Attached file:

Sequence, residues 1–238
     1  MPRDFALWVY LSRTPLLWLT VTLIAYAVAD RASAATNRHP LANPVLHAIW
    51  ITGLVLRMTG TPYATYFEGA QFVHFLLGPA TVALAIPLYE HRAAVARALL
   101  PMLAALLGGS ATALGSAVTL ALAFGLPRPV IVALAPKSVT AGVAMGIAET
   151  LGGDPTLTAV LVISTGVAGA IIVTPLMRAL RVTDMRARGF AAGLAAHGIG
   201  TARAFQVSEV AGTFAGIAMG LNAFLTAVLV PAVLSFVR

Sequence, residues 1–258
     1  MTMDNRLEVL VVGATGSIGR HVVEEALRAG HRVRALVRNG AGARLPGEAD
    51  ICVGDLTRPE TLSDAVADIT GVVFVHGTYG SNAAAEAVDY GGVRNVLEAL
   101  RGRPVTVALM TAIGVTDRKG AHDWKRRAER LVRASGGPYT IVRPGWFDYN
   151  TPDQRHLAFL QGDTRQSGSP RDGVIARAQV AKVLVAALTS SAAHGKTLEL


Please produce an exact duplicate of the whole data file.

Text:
Sequence, residues 1–238
     1  MPRDFALWVY LSRTPLLWLT VTLIAYAVAD RASAATNRHP LANPVLHAIW
    51  ITGLVLRMTG TPYATYFEGA QFVHFLLGPA TVALAIPLYE HRAAVARALL
   101  PMLAALLGGS ATALGSAVTL ALAFGLPRPV IVALAPKSVT AGVAMGIAET
   151  LGGDPTLTAV LVISTGVAGA IIVTPLMRAL RVTDMRARGF AAGLAAHGIG
   201  TARAFQVSEV AGTFAGIAMG LNAFLTAVLV PAVLSFVR

Sequence, residues 1–258
     1  MTMDNRLEVL VVGATGSIGR HVVEEALRAG HRVRALVRNG AGARLPGEAD
    51  ICVGDLTRPE TLSDAVADIT GVVFVHGTYG SNAAAEAVDY GGVRNVLEAL
   101  RGRPVTVALM TAIGVTDRKG AHDWKRRAER LVRASGGPYT IVRPGWFDYN
   151  TPDQRHLAFL QGDTRQSGSP RDGVIARAQV AKVLVAALTS SAAHGKTLEL